From roaming the Hollywood hills on horseback dressed as an Indian all the way to the Polo Hall of Fame, she "just wanted to play polo". At
times disguised as a boy and the only girl on the polo field, Sue Sally
Hale pioneered women's acceptance into the sport's governing body,
going where no woman had ever been, Sunday polo.
Sue Sally Jones (Hale) c.1948
Sue Sally Hale c.1977
With no predecessor and no path to follow she persevered, campaigning for more than 20 years and in 1972 Sue Sally Hale was accepted as a playing member into the United States Polo Association, finally eligible to play in U.S.P.A. sanctioned tournaments.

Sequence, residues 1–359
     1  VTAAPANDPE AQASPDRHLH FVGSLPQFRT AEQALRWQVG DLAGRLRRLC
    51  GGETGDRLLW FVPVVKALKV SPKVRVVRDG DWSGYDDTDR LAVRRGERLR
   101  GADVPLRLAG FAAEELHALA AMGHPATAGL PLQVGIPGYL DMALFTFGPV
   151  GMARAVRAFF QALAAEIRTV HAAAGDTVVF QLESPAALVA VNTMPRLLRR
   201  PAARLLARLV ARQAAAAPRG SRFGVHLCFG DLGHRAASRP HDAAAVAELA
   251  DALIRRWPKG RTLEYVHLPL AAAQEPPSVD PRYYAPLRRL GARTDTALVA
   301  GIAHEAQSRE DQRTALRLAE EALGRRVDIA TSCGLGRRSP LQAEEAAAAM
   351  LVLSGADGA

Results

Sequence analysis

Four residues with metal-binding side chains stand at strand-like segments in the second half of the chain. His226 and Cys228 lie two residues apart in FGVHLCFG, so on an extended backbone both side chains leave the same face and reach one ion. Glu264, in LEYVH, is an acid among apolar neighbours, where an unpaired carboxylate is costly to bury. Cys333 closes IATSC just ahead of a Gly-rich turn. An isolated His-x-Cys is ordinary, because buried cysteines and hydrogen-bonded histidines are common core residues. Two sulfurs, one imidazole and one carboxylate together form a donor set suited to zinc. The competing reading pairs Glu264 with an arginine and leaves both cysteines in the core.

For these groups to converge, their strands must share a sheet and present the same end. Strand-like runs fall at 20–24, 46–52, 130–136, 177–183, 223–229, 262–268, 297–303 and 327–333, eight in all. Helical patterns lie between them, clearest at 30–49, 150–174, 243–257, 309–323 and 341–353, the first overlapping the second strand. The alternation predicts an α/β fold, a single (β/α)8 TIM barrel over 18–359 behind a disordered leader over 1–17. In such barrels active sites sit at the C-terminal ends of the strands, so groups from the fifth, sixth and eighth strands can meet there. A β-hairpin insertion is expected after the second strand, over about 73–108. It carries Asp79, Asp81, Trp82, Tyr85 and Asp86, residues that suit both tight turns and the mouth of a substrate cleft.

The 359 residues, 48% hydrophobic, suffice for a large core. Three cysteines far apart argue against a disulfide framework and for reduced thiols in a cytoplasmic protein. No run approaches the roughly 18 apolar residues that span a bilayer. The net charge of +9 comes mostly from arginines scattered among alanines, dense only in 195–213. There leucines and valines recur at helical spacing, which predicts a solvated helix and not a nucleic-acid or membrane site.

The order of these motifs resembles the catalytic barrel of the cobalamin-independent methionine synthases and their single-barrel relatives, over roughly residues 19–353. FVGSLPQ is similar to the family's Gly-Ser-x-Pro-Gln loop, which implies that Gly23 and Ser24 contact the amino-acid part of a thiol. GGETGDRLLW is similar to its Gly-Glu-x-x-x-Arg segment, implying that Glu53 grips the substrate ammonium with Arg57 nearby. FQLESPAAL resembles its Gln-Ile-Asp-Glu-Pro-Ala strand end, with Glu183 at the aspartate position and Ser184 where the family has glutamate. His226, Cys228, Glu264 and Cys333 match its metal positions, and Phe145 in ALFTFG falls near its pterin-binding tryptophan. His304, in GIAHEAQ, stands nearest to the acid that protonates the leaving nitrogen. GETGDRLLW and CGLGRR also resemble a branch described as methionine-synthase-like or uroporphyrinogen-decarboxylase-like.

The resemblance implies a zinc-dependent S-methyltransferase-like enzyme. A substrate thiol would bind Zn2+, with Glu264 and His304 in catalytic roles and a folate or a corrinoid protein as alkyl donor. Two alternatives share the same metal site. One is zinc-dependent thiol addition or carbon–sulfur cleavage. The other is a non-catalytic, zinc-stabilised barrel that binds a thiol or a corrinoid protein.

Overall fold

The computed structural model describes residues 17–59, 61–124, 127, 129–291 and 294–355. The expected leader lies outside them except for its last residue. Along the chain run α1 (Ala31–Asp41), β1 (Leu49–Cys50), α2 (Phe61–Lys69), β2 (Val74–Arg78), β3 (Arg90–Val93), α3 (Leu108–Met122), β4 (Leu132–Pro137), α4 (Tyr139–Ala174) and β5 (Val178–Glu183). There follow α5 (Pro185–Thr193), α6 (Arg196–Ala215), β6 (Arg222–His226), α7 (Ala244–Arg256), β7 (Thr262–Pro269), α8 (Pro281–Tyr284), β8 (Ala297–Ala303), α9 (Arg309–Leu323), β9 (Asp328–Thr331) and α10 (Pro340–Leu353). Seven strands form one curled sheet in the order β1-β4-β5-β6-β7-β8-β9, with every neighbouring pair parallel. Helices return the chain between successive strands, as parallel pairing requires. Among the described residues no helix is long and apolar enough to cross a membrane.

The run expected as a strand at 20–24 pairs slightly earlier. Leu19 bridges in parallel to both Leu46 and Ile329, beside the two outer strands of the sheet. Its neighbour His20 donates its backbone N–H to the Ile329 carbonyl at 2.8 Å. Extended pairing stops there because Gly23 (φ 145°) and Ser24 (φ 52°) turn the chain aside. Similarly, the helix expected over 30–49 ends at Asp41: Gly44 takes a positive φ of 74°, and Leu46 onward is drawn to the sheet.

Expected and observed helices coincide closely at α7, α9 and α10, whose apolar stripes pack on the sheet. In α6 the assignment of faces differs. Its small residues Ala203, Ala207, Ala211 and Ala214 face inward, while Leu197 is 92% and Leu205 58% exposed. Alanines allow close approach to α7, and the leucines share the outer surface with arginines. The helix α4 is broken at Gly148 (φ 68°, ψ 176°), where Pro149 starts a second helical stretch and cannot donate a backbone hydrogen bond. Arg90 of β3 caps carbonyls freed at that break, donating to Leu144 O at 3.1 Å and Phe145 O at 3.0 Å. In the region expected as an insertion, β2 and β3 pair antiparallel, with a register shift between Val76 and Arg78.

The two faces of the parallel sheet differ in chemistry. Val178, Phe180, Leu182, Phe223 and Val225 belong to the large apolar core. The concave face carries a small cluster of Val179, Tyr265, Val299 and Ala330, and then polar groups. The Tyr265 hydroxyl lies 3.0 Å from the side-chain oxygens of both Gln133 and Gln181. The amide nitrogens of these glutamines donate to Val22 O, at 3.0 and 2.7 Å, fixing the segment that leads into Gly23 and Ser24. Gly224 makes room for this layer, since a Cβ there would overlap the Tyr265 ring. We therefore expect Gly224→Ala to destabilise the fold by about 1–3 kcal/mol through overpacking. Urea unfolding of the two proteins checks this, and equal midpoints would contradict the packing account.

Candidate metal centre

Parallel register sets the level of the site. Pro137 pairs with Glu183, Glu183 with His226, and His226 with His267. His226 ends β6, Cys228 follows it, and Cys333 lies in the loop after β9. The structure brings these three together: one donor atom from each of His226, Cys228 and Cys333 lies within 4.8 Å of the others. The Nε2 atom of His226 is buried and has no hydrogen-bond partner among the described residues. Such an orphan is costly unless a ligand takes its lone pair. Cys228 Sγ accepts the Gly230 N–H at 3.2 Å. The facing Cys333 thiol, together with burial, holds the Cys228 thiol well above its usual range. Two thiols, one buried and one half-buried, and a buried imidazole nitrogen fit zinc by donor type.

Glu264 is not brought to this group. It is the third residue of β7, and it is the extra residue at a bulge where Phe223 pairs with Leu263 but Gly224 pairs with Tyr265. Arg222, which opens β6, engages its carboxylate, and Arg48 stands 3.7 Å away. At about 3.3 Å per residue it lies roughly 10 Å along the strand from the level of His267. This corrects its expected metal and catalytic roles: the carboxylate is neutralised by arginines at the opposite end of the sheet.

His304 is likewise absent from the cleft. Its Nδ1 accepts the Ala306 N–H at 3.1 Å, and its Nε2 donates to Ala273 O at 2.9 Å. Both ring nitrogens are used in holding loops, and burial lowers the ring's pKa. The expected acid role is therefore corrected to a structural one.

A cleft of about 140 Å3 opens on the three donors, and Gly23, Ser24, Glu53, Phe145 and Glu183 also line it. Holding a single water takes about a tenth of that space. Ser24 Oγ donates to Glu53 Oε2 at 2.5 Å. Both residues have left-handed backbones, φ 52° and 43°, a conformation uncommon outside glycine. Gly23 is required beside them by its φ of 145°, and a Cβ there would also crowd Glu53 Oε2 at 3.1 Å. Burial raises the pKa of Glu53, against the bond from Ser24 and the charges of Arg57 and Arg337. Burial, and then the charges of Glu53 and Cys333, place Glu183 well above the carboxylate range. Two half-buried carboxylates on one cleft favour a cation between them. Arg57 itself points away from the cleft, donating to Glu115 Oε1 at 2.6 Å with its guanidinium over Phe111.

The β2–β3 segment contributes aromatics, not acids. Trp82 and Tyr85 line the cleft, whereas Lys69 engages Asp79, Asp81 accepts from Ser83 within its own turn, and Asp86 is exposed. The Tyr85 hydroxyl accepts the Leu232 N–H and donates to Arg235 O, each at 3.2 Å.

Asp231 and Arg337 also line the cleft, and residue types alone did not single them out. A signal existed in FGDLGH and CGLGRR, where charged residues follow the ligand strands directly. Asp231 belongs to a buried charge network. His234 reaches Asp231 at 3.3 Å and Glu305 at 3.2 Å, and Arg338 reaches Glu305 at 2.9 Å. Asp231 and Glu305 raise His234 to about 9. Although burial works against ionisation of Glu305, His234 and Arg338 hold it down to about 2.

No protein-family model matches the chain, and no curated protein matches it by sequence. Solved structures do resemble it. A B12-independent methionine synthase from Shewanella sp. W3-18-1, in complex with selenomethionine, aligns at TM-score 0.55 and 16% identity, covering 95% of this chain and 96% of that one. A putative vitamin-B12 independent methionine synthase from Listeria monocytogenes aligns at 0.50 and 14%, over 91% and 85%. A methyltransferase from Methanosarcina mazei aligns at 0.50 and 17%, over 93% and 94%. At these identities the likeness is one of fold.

A legend in her own time, Sue Sally (Sal) shared her enthusiasm and love for the game with everyone she encountered for more than five decades. A trail blazer who pushed the boundaries of what was possible, accepted or allowed, she opened doors, created opportunities, and propelled the sport of polo forward inspiring generations who followed, and in the process achieved multitudes of historic firsts for women in polo.
In addition to her passion for polo, Sue Sally was a competitor, instructor and mentor in several equine disciplines, the mother of five children (Brook, Stormie, Dawn, Sunset & Trails), a volunteer fireman, an EMT, a community activist, an artist, author and an award winning poet.